search instagram arrow-down

Text Widget

This is a text widget. The Text Widget allows you to add text or HTML to your sidebar. You can use a text widget to display text, links, images, HTML, or a combination of these. Edit them in the Widget section of the Customizer.

Christmas concerts

At least for us in the parts of the world where Christianity is a central part of our cultural heritage, a choral conductor will struggle to avoid seasonal concerts in December. Not that I feel any great need to avoid them: in many ways, Christmas concerts are my favourites. The audiences are excellent, both in numbers and in the way they live the music. The music is often a shade easier than the music the choir normally sings in concert, which certainly makes the life of a conductor less strenuous. Even the singers seem more relaxed. And on top of that, there is the feeling of closure – after these concerts it is holiday season!

All good then. Well, maybe not all. Programming a Christmas concert is not an easy feat. At least I want to be traditional enough to satisfy the needs of the audience and yet adventurous enough for my concerts to stand out a little amongst all the Christmas concerts. And this, in the end, boils down to programming.

There is no dearth of Christmas music, be it demanding new compositions or simple arrangements of carols. The problem is finding something that is really good, and finding it before your (local) colleagues do. Where do I find it and how?

What I do is keep my ears and eyes open all through the year. I listen to new Christmas CDs, read the catalogues of publishers – and follow the choirs I like on Youtube. Early this year (January, I believe!) I spent quite a lot of time listening to some good recordings of Christmas music on Spotify. Anything interesting I came across I placed in a playlist named according to the choir I thought they might be good for. Come August, I went through these lists and found that I could use a great deal of the music (most of which I had completely forgotten by that time). I also noticed that I had acquired much of the sheet music (single copies) early in the year, as well. Ergo: no panic.

One fascinating feature about a Christmas concert is that the audience has an emotional link to the music. Carols really do touch a chord in the heart’s of the people attending the concert. I have tried all sorts of programs from 17 short carols to no carols at all. I now feel it would be a little foolish not to include a sprinkling of well-known carols in the program. If you place a few carols at the top of the program, a few in the middle and a few really well-known ones at the end, the audience will be more than satisfied. I tend to include some more ambitious and varied seasonal music elsewhere in the program to personalise the concert (and not die of an overdose of sweetness).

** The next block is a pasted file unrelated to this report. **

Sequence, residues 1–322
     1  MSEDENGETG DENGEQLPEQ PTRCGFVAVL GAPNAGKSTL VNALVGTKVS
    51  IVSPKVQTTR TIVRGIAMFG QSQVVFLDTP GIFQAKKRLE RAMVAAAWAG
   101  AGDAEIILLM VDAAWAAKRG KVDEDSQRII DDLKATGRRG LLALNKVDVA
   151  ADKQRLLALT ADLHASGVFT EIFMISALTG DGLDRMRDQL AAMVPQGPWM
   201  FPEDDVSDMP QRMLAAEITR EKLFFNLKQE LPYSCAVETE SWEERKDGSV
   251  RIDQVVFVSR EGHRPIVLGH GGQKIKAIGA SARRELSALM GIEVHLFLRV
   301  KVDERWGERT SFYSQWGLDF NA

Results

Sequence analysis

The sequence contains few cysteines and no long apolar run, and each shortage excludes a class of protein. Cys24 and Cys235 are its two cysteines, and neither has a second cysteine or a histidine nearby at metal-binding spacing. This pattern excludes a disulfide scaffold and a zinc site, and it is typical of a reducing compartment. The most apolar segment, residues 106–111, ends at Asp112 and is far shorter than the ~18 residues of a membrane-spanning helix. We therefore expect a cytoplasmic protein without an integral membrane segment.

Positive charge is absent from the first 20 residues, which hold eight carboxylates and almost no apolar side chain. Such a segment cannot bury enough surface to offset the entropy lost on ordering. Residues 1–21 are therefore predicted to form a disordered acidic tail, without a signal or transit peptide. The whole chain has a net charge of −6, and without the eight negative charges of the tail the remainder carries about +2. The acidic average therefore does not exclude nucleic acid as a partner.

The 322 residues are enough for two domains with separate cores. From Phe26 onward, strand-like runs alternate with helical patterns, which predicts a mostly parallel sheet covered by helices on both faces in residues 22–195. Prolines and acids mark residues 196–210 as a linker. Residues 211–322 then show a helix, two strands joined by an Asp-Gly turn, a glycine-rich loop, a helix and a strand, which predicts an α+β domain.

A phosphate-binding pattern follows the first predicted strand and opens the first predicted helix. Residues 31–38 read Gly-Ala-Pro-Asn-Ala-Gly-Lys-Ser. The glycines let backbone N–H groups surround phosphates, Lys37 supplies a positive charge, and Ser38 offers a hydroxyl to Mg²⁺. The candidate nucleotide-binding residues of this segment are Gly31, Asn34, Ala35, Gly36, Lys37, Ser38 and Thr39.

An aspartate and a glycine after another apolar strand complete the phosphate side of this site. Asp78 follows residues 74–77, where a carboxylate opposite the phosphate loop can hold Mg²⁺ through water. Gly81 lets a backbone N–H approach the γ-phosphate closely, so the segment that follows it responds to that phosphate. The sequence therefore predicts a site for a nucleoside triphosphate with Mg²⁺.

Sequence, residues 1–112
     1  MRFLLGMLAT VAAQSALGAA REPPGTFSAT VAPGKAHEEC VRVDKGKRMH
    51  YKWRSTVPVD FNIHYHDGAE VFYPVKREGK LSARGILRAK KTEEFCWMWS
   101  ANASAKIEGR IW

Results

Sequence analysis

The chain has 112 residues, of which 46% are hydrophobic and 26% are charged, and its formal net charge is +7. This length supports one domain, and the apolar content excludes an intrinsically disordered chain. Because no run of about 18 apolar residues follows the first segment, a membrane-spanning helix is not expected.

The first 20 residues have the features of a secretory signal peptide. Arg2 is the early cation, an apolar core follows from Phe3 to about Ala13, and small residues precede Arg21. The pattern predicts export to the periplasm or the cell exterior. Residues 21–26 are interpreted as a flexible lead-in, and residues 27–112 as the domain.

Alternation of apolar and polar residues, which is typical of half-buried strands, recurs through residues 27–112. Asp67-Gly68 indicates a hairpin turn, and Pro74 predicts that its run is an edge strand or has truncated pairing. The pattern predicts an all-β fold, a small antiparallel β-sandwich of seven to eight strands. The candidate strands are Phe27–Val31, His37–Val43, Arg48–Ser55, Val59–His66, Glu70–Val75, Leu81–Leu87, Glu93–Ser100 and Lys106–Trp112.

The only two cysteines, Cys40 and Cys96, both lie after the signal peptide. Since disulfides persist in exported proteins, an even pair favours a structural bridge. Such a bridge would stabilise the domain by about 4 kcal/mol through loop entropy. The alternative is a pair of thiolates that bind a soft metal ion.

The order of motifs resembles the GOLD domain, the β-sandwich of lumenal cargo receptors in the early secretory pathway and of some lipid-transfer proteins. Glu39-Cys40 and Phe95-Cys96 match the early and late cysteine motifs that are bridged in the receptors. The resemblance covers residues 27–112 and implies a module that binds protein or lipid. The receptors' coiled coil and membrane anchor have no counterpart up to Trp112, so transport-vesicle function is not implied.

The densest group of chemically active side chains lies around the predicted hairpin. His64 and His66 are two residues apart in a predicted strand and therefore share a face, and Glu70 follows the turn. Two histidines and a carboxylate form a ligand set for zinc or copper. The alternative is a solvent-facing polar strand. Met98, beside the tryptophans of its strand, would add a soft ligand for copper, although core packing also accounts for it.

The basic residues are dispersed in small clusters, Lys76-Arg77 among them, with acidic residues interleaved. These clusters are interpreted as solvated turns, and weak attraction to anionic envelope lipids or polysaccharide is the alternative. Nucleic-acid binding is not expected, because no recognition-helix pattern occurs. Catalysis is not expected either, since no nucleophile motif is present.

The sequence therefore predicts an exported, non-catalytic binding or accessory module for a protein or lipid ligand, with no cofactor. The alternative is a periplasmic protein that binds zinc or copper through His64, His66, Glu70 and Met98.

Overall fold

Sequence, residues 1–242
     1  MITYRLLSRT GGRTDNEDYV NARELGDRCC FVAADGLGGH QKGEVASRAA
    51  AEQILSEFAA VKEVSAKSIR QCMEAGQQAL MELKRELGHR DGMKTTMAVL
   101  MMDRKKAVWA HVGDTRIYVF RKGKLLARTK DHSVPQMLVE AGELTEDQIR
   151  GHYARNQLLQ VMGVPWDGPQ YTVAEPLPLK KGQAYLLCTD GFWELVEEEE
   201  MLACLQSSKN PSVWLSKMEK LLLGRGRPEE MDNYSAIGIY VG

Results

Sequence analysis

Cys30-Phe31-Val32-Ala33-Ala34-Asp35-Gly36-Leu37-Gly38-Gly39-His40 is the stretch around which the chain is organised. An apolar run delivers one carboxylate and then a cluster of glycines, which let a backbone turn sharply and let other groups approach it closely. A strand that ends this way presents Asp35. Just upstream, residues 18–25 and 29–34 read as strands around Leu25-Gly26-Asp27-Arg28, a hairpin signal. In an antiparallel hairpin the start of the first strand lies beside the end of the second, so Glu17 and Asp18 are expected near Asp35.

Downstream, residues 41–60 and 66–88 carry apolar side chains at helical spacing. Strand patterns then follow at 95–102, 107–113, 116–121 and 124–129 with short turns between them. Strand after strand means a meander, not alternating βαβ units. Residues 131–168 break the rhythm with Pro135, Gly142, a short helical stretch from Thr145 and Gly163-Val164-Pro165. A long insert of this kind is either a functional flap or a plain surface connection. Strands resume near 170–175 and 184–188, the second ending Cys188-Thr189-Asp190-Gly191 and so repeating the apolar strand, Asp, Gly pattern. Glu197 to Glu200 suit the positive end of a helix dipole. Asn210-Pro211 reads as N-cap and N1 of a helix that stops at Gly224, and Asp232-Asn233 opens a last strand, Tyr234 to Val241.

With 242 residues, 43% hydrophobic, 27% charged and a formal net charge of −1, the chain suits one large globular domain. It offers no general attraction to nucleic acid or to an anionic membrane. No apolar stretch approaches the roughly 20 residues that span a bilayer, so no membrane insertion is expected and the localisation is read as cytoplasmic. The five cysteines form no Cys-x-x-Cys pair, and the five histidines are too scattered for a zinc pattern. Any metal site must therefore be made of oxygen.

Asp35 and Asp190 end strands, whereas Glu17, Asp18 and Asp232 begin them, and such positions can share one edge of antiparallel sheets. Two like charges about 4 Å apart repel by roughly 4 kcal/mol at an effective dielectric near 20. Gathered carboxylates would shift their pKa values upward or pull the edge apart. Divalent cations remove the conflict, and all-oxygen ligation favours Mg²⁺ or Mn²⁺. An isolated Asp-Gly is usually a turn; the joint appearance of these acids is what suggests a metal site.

The good news is that you do not need to sing all the best known choral carols in the most traditional arrangements. In fact, based on feedback, I would say that most patrons actually enjoy new arrangements of traditional carols. I tend to commission a couple of arrangements every year. It seldom costs and arm and a leg and the choir has something no else does!

Because December always comes quicker than you think and rehearsal time for Christmas concerts is fairly limited, I find planning in good time is crucial. If I have a rough sketch for a Christmas program in late August, things tend to work out. Christmas concerts are exceptional in the sense that you can freely  re-use material from years gone by, which means you have little more room for maneuvre than with ‘normal’ concerts. That said, I try to plan early and improvise late.

In the end, my aim is to find good music and maybe push the envelope a little. A Renaissance motet or two, something a little more substantial (more like the music the choir sings out of this season) and something really lovely that the audience has not heard before, tend to make the program seem considered and well prepared. I also try to avoid running through the straightforward pieces too often and leave a lot of the details (dynamics, breathing, phrasing) open and to be decided on the spot. This often gives a feeling of freshness to these pieces.

As the sand in the time glass of 2017 runs out, I want to thank all of you who have read these blog posts. It has been a pleasure writing them. I will do my best to add to the blog in the New Year (suggestions welcome!). Until then, Merry Christmas / Happy holidays!

 

 

 

 

 

Leave a Reply
Your email address will not be published. Required fields are marked *

Fill in your details below or click an icon to log in:

WordPress.com Logo

You are commenting using your WordPress.com account. Log Out /  Change )

Google+ photo

You are commenting using your Google+ account. Log Out /  Change )

Twitter picture

You are commenting using your Twitter account. Log Out /  Change )

Facebook photo

You are commenting using your Facebook account. Log Out /  Change )

Connecting to %s

%d bloggers like this: